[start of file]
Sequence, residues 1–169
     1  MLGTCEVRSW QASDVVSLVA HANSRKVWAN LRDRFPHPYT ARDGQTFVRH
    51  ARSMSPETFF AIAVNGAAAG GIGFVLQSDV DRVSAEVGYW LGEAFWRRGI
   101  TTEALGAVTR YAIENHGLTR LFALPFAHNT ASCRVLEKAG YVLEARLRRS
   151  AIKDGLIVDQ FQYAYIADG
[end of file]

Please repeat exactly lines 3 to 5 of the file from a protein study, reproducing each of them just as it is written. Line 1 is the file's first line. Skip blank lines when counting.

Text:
    51  ARSMSPETFF AIAVNGAAAG GIGFVLQSDV DRVSAEVGYW LGEAFWRRGI
   101  TTEALGAVTR YAIENHGLTR LFALPFAHNT ASCRVLEKAG YVLEARLRRS
   151  AIKDGLIVDQ FQYAYIADG